How Much Money Should You Keep In Your Checking Account At One Time?
In this installment of our new weekly finance column, we tackle questions about checking and savings accounts and the prioritization of debt payments.
Hey Bank of Dad, this may sound like a silly question but the answer always escapes me. I rely on my checking account for monthly expenses and therefore have my paychecks deposited into that account. I don’t, however, want to lose out on the interest that I’d get by putting some of my monthly income into savings. So, how much of my money should I keep in checking vs. savings at any given time? — Shane, Des Moines
There are no silly questions when it comes to money management, only lost savings. As far as the amount of money you should have in each account, there really is a balancing act here. It’s so important to have funds readily available when you need them, which is the great thing about deposit accounts. But parking too much of your cash there won’t let that money grow over the long haul. So you want to get it right.
Let’s start with the checking side of the equation. Start by tallying up all of the fixed expenses you’ll incur from one paycheck to the next. There are the obvious ones, of course, like your mortgage (or rent), phone service, and utilities. But don’t blank about all those easy-to-forget debits to your account, such as that sweet, sweet Netflix subscription or those recurring transfers to your savings account (You’re making those, right?)
Once you’ve done this, add up any expenses that vary from one month to the next, like food and entertainment. Average out how much those things have cost you over the past few months to come up with a ballpark figure.
Once you’ve calculated all your outlays, you’ll want to add a few hundred bucks as a buffer. That’ll act as a safeguard in case you and the wife have an expensive date night or you find a particularly steep utility bill in the mail. By having a little extra in your account, you’ll avoid the exorbitant overdraft or insufficient funds fees banks love to stick on you.
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As for your savings account, a common rule of thumb is to have an emergency fund that can cover three to six months’ worth of expenses, plus enough for big one-time outlays like an upcoming vacation. That might seem like a lot of dough to keep in the bank, but you’ll sleep easier knowing that an unexpected job loss or medical bill won’t put you in panic mode.
In those situations, dipping into your savings account is a much better option than applying for a personal loan or making a hardship withdrawal from your 401(k). The latter could mean paying income tax and, for anyone under 59½, forking over a 10 percent early withdrawal fee. You can skirt both of those outcomes with a 401k loan, which lets you borrow from your own account. But not all employers offer them – and you have to pay yourself back with interest. Pulling the money out of a savings account is a lot quicker, and cheaper.
Dear Bank of Dad, I have student loan debt, two credit card bills, and a decent home equity loan. All need to be paid off…obviously. But which should I prioritize first? What’s the best order of operations? — Travis, Louisville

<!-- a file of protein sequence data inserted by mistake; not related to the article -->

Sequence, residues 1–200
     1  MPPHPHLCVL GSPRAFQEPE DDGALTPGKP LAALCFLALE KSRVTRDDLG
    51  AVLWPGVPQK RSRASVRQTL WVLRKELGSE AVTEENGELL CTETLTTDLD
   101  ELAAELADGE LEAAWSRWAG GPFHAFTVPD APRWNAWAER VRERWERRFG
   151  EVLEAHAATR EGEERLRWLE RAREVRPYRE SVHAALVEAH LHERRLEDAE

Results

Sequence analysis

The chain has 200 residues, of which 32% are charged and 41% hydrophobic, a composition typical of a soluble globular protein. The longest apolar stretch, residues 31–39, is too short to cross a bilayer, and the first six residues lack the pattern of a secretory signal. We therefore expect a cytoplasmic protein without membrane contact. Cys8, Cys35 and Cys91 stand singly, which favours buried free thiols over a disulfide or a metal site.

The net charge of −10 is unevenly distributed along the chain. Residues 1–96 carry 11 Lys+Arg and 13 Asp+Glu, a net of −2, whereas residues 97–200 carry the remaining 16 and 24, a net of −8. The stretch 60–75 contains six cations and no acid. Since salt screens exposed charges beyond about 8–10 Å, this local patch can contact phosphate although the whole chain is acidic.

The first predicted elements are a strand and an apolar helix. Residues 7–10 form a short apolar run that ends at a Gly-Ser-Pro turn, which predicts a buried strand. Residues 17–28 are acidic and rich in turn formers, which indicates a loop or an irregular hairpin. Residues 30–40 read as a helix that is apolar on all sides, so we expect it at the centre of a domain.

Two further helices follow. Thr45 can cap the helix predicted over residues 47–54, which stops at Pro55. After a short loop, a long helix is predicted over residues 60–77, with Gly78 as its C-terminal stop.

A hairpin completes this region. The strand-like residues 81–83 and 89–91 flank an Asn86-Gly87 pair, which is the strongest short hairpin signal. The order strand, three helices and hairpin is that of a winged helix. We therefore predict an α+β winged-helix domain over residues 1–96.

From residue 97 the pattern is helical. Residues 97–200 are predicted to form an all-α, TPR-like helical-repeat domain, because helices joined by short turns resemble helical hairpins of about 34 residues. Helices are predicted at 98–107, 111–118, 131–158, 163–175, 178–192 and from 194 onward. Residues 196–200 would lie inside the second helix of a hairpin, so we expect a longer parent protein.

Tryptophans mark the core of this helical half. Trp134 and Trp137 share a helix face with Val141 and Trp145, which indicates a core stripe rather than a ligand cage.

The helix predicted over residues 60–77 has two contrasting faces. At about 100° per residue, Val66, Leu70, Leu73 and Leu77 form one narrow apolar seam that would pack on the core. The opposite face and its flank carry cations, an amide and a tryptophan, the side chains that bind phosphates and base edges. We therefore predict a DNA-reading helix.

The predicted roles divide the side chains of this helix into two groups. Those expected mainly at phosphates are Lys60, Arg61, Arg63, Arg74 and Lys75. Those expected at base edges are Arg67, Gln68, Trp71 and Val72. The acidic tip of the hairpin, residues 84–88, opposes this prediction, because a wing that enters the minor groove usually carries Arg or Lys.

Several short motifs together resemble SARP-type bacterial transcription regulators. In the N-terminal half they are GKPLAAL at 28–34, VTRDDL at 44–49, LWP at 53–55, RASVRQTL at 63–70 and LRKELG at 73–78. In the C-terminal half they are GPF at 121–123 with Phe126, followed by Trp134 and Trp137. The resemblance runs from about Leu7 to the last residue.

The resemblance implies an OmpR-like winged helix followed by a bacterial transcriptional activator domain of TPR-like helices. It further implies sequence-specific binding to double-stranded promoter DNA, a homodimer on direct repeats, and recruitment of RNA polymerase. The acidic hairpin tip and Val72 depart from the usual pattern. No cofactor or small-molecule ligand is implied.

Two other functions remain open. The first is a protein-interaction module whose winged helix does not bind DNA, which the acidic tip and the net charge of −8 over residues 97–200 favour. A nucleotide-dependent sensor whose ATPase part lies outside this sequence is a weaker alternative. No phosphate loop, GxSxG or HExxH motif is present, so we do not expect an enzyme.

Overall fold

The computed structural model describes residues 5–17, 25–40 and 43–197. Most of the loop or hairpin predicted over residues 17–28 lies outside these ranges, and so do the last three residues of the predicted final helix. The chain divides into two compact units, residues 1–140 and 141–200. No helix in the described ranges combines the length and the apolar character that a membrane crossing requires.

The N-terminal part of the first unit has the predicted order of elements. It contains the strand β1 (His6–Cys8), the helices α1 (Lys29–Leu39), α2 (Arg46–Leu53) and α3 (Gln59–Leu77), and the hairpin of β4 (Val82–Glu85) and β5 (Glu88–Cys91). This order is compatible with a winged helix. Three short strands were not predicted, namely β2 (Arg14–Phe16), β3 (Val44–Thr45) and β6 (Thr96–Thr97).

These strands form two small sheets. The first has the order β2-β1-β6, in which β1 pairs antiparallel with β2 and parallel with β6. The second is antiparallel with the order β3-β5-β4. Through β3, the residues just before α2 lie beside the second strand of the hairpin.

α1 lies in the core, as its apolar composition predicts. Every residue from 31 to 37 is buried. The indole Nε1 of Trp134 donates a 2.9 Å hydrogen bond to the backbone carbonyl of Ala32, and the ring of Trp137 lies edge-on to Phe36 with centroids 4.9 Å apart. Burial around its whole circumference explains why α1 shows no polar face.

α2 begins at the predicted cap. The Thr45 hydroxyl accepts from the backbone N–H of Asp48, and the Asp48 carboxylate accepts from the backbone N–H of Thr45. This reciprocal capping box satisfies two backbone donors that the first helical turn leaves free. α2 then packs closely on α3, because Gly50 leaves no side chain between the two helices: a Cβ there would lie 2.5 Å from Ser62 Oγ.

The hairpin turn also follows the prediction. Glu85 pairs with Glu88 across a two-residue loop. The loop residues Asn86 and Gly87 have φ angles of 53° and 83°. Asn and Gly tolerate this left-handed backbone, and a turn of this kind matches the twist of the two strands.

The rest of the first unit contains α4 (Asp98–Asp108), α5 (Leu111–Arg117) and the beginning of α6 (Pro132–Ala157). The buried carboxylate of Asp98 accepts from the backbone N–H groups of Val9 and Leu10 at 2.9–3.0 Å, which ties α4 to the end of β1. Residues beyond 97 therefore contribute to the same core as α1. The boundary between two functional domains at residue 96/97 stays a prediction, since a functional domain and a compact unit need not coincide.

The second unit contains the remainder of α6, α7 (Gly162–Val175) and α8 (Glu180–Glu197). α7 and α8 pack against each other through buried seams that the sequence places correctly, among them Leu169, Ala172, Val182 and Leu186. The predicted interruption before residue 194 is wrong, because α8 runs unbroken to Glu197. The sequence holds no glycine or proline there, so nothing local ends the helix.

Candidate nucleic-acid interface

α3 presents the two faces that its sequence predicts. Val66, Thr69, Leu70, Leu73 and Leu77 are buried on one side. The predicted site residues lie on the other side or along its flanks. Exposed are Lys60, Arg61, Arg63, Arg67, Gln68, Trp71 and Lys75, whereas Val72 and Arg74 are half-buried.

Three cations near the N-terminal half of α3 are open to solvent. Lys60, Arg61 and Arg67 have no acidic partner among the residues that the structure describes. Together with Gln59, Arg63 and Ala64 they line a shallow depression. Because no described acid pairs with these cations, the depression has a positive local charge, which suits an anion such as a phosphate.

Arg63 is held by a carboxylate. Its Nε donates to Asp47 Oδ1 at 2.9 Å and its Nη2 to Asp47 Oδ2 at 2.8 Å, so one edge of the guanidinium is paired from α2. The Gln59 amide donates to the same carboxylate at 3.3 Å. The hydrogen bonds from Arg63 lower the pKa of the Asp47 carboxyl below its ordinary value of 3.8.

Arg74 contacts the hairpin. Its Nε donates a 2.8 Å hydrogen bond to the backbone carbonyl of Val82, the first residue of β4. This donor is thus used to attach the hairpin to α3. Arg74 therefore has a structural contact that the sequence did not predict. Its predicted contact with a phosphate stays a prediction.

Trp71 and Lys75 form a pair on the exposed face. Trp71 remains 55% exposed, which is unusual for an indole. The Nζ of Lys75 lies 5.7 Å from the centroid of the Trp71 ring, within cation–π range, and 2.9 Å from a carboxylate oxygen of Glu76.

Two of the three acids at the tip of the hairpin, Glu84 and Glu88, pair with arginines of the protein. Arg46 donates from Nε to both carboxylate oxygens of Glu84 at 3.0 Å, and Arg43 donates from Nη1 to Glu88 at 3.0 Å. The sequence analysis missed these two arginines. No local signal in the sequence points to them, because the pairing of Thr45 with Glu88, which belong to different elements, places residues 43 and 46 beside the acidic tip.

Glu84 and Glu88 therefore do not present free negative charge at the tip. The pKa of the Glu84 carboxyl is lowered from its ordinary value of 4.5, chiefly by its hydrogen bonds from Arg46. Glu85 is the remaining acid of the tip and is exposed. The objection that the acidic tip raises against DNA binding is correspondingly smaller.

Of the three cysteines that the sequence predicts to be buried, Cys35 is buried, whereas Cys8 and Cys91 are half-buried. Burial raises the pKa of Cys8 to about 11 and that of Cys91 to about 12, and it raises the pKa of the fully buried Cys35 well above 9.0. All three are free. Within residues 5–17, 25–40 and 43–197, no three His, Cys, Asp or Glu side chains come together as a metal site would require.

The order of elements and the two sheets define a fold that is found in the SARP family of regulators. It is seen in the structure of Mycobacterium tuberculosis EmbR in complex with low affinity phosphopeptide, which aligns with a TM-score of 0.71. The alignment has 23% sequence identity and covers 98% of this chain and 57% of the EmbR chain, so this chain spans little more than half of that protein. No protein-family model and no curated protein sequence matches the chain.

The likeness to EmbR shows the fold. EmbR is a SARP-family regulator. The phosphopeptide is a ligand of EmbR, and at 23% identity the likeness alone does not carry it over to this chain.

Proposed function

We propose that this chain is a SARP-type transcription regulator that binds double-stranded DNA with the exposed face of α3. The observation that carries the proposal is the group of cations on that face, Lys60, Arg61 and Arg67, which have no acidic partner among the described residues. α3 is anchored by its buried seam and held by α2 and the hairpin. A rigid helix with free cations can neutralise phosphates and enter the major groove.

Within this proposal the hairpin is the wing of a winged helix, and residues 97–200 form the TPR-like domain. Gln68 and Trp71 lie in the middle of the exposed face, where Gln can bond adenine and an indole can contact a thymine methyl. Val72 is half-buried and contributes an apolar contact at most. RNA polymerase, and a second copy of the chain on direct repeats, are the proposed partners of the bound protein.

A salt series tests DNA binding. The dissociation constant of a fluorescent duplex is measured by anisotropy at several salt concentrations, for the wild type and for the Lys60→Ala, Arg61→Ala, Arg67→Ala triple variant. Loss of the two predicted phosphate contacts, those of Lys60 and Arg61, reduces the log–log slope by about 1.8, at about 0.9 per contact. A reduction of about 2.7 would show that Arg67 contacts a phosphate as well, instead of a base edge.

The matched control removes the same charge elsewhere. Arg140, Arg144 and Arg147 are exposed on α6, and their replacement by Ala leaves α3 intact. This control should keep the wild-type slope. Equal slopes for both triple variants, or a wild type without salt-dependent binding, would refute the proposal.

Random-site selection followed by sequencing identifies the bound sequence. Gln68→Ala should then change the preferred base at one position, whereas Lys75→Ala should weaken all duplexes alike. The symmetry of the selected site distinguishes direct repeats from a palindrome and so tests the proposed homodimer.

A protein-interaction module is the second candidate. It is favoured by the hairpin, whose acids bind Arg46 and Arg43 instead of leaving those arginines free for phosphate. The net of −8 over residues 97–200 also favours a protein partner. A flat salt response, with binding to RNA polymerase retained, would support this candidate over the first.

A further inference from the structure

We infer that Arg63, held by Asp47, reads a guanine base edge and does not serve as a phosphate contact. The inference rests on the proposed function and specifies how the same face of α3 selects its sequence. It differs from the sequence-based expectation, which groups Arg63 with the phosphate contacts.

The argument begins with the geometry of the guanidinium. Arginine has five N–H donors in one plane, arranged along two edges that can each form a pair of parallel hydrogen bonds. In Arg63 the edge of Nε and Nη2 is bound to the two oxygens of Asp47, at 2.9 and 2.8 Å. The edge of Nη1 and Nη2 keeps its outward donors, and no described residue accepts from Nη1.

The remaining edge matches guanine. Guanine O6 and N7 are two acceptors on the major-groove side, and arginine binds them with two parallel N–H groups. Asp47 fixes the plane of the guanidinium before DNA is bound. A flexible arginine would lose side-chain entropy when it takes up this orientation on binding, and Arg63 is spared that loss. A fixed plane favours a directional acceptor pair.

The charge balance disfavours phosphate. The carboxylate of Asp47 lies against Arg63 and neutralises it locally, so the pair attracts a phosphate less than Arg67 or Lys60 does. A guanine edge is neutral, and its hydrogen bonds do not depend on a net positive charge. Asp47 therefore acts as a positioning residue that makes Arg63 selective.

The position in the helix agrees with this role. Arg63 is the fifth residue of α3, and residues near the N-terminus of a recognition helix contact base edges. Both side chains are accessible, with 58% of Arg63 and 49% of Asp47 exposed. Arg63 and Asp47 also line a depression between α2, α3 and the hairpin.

When you’re paying off debt, you want to prioritize the loans with the highest interest rate. That makes your first target pretty easy: credit cards. Even if you’re enjoying a promotional rate on your card, you’ll probably face the reality of sky-high finance charges before long (the average APR is roughly 17 percent at the moment, according to CreditCards.com). Wiping out those balances now is a great idea.
Where to go from there may be a trickier question. Interest on student loans and home equity loans are both tax-deductible – at least in some cases – so you have to factor that into your decision. In the case of student loans, you can reduce your taxable income by up to $2,500 for the interest you pay, though the benefit is phased out for higher income-earners.
I don’t know your specific situation, but I’ll illustrate the impact of the tax deduction using some fairly typical numbers. Let’s say you’re in the 22 percent tax bracket and all the interest you’ve paid for the year qualifies for the deduction. If your loan carries an interest rate of 6 percent, you’re in effect only paying 4.7 percent [(0.06 – (0.06 x 0.22)]. Keep in mind this is an “above the line” deduction, so you benefit from it even if you take the standard deduction.
Because of the Tax Cuts and Jobs Act, interest on home equity loans is only tax-deductible if the debt is used to “buy, build or substantially improve” your residence — for instance, renovating your bathroom or building a new patio. If you did something along those lines, and you itemize your returns, you’d make a similar adjustment to the interest rate on this loan, too. Now you can figure out whether this debt or your student loan has the smaller real-life interest rate.
Of course, your question implies that you’re dead-set on paying off all your loans as fast as possible. And where your credit card debt is concerned, I think that’s a no-brainer. But if you’re making more than enough to cover your expenses each month – including minimum payments on your loans – you might consider whether that money’s put to better use in a tax-advantaged investment account.
Paying off a four or five percent loan doesn’t make much sense if, based on historical returns, you expect to earn, say, 7 percent from a portfolio of stock and bond funds over the long haul (that’s actually a fairly common estimate among public pensions these days). Investing your extra money makes even more sense if you haven’t yet maximized your employer’s 401(k) match. I’d be sure to do that before accelerating my student loan or home equity repayments.